March 24, 2013

Congress fiddles while sequester burns seniors

Gerard L. Queally

Before the 2012 election, the president wanted it. The leaders of both political parties in Congress wanted it. And on March 1, sequestration arrived.

The crux of the problem with sequestration is that arbitrary, across-the-board cuts to any organization, let alone a country, is always a bad idea. It is simply counterproductive. Unfortunately, it's a bad idea whose time has arrived to wreak havoc upon us all.

People who say sequestration is necessary because federal government spending is out of control and our national debt is an unconscionable liability to future generations are simultaneously right and wrong. People who say that a larger government is the answer to our nation's woes and increasing taxes is the only solution are both right and wrong.

What bothers me most about sequestration, and should bother all of us, is that it is a complete abdication of leadership by those who were voted into office to lead us. No one in Washington is brave enough to address the size and shape of government head on, department by department and spending line by spending line. Instead, both sides of the aisle have settled for the easiest solution, an automatic cut, which allows them to blame the other for the outcome.

Maybe planes aren't falling out of the sky and we can still field a military, but the bottom line is that sequestration is having negative consequences throughout this country.

Those who are being asked to suffer the greatest burden are our mothers, fathers, grandmothers and grandfathers. Yes, the greatest generation and those who immediately followed are being told that they now have to wait. Wait for help.

On March 1, mandatory 5 percent cuts across all programs supported by the Older Americans Act took effect. That equates to a $325,000 impact to Maine alone.

What does that mean in Maine?

* Longer waiting lists for Meals on Wheels because agencies can't meet the demand beyond the 5,200 seniors and disabled adults already being served.

* An estimated 8,500 fewer people will receive Aging and Disabilities Resource Counseling that would have provided them with information and referral assistance with issues concerning health insurance counseling and prevention of Medicare and Medicaid fraud.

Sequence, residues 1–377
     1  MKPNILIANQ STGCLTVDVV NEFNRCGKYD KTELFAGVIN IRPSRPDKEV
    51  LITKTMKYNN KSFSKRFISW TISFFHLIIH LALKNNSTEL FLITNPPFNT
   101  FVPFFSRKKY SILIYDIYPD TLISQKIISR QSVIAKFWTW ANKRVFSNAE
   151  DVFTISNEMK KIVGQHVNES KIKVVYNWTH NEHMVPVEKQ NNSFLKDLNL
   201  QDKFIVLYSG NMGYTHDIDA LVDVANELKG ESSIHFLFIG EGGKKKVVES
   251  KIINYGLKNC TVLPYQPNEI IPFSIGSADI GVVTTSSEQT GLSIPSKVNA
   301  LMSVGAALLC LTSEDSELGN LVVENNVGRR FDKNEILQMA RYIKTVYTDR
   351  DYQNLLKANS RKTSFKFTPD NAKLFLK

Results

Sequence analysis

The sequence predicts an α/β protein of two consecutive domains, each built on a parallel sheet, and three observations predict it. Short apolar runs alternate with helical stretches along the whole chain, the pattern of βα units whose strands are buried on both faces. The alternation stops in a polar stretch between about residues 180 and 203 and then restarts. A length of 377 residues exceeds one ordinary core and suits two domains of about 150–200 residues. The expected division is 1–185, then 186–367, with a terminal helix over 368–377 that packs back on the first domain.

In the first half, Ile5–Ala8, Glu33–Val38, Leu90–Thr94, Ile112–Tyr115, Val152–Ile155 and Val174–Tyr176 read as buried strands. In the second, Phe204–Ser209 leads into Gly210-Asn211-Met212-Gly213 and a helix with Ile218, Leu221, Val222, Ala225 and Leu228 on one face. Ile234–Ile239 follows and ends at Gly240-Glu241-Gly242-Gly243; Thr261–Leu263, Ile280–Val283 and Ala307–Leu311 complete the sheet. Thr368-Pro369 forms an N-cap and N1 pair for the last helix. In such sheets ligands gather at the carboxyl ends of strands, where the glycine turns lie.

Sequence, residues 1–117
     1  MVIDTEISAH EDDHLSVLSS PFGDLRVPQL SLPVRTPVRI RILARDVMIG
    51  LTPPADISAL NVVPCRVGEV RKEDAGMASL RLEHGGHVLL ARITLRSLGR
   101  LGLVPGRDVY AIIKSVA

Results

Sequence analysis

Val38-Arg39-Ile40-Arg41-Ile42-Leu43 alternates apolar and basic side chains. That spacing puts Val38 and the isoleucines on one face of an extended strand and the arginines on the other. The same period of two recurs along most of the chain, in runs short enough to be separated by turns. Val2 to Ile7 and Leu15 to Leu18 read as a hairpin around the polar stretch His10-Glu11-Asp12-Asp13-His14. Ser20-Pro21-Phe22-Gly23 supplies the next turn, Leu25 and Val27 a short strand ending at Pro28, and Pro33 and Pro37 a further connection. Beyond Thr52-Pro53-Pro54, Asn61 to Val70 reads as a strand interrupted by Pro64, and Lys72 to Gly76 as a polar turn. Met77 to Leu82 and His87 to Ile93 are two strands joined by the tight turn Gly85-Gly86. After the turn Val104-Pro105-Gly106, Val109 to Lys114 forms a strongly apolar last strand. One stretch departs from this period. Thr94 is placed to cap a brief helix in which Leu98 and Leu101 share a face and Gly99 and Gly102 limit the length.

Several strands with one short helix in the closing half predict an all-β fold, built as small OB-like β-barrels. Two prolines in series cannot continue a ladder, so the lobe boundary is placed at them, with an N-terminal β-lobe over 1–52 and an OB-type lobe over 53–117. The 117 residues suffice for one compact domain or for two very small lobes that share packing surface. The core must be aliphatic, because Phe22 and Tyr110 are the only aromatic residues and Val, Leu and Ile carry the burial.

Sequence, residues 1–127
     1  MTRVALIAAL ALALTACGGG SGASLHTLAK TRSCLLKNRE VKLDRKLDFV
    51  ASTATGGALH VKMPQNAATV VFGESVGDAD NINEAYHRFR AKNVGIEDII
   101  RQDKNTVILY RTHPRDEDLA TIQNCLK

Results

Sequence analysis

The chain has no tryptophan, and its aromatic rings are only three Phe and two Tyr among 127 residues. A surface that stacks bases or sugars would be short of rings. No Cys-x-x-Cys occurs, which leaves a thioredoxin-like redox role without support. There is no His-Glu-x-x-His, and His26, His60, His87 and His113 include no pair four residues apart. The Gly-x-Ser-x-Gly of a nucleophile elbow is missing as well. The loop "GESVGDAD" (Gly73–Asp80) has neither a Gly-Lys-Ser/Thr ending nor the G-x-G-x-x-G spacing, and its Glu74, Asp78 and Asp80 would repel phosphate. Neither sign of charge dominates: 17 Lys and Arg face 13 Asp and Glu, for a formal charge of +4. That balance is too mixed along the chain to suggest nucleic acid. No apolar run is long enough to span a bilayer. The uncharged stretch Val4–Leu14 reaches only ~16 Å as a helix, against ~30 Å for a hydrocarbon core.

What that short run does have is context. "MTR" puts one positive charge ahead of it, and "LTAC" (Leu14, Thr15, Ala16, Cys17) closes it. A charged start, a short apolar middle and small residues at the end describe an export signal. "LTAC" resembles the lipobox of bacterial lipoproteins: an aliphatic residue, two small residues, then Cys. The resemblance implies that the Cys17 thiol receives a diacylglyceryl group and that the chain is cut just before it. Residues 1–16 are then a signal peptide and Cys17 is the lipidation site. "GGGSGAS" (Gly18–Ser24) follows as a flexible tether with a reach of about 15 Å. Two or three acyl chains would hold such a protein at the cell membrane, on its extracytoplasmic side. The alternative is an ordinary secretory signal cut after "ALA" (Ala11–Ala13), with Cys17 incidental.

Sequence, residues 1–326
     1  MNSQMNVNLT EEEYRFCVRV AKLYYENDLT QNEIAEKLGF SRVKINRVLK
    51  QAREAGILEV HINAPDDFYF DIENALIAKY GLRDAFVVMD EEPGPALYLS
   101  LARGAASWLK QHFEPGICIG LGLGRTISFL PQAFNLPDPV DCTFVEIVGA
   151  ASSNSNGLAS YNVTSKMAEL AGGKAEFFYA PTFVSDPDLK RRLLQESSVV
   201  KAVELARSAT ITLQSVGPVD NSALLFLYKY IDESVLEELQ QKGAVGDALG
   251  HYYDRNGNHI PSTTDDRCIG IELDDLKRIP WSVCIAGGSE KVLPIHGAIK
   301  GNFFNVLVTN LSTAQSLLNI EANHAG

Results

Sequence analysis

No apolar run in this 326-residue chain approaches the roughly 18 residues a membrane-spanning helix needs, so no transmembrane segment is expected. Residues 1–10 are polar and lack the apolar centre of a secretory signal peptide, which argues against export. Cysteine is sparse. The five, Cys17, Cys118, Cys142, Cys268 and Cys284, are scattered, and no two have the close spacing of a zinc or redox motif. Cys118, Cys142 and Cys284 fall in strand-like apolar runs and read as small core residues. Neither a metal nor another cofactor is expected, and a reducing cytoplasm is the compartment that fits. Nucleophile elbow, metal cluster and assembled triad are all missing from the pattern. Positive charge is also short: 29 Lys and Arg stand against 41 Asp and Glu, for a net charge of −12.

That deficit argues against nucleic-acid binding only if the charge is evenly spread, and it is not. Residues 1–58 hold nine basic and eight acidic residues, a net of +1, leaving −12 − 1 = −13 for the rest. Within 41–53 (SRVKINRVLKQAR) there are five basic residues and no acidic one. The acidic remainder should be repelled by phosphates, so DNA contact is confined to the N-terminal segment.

* Dozens of evidenced-based health and wellness classes will no longer be available to help seniors combat costly illnesses.

* More than 400 family caregivers will not receive the help they need to keep their loved one at home, aging in place.

It would be one thing if these cuts affected only programs that have been funded to keep up with inflation; perhaps that would be absorbable. But Older American Act funding has been almost stagnant over the last eight years; a near 10 percent behind the rate of inflation.

What is ironic about sequestration is that it is supposed to save the country money. When it comes to seniors and disabled adults, however, it will have the opposite effect.

Instead of aging in their own homes under the care of their family and neighbors, Maine seniors will be sequested into more costly admissions and/or continuous readmissions into hospitals and skilled nursing facilities.

No one -- Republican or Democrat -- can argue that aging in an institution and long stays in the hospital are less expensive than living in one's own home.

Research has shown that for every $1 spent to help people care for loved ones in their homes yields savings of $4.62 in nursing home costs.

Cutting the Older Americans Act is not a smart way to go about effecting a reduction in the country's health care costs, which happens to be the biggest driver in causing our national debt (more than 17 percent of GDP).

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